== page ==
Distinguished members of the family include Sir Richard Bagot, (c. 1256), Knight of Bagot's Bromley; his son Sir William Bagot (fl. 1276-1290), Knight of Bagot's Bromley; Sir John Bagot, Knight of Blithfield and Littlehay, Staffordshire was Lieutenant of Calais in 1408, later Ambassador to the Duke of Burgundy, and served with King Henry V at Agincourt in 1415; Sir William Bagot (died 1407), politician and administrator under Richard II, began career in politics in Warwickshire under the Earl of Warwick, served both John of Gaunt and his son Henry Bolingbroke, as well as Thomas de Mowbray, 1st Duke of Norfolk, future...
Another 171 words (12 lines of text) are included under the topic Early Badgot Notables in all our PDF Extended History products and printed products wherever possible.
Migration of the Badgot family to Ireland
Some of the Badgot family moved to Ireland, but this topic is not covered in this excerpt.
Another 169 words (12 lines of text) about their life in Ireland is included in all our PDF Extended History products and printed products wherever possible.
Migration of the Badgot family
In England at this time, the uncertainty of the political and religious environment of the time caused many families to board ships for distant British colonies in the hopes of finding land and opportunity, and escaping persecution. The voyages were expensive, crowded, and difficult, though, and many arrived in North America sick, starved, and destitute. Those who did make it, however, were greeted with greater opportunities and freedoms that they could have experienced at home. Many of those families went on to make important contributions to the young nations in which they settled. Early immigration records have shown some of the first Badgots to arrive on North American shores: Stephen Bagot who settled in New England in 1752; John Baggott settled in New England in 1750; William Bagot settled in Philadelphia, Pa. in 1811; and Thomas Baggot settled in Philadelphia in 1855..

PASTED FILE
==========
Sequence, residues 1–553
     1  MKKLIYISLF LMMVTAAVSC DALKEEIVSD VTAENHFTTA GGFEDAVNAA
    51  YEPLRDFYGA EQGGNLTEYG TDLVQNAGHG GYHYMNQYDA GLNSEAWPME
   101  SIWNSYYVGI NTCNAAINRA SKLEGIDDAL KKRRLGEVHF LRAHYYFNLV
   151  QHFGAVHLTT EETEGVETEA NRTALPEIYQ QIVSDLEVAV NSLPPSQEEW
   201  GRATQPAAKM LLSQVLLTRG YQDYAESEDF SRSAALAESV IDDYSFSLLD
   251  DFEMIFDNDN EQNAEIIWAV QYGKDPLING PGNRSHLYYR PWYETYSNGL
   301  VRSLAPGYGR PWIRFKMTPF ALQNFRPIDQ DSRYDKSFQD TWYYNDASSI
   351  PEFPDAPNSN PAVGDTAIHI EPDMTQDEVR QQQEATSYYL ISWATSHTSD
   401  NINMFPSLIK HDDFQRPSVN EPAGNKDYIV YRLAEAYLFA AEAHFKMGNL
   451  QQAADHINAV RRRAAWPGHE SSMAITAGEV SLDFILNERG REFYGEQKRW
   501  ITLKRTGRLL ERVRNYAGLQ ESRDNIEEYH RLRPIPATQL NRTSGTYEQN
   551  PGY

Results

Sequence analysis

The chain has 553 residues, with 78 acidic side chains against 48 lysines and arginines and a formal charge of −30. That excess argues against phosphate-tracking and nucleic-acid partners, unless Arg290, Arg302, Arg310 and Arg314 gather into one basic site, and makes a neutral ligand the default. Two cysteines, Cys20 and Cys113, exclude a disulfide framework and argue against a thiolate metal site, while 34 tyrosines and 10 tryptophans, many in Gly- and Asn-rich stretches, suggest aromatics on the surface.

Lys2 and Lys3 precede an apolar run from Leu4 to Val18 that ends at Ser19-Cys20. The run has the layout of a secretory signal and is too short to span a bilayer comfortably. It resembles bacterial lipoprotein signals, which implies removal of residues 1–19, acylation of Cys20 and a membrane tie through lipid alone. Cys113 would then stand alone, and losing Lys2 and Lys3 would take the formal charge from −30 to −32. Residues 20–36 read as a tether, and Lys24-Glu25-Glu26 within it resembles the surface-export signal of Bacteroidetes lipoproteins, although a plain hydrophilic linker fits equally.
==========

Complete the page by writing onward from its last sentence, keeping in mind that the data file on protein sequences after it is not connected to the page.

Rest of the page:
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The Badgot Motto +
The motto was originally a war cry or slogan. Mottoes first began to be shown with arms in the 14th and 15th centuries, but were not in general use until the 17th century. Thus the oldest coats of arms generally do not include a motto. Mottoes seldom form part of the grant of arms: Under most heraldic authorities, a motto is an optional component of the coat of arms, and can be added to or changed at will; many families have chosen not to display a motto.
Motto: Antiquum obtinens
Motto Translation: Possessing our ancient honour.
- ^ The Norman People and Their Existing Descendants in the British Dominions and the United States Of America. Baltimore: Genealogical Publishing, 1975. Print. (ISBN 0-8063-0636-X)
- ^ Shirley, Evelyn Philip, The Noble and Gentle Men of England; The Arms and Descents. Westminster: John Bower Nichols and Sons, 1866, Print.
- ^ Smith, George (ed), Dictionary of National Biography. London: Smith, Elder & Co., 1885-1900. Print
- ^ Lewis, Samuel, A Topographical Dictionary of England. Institute of Historical Research, 1848, Print.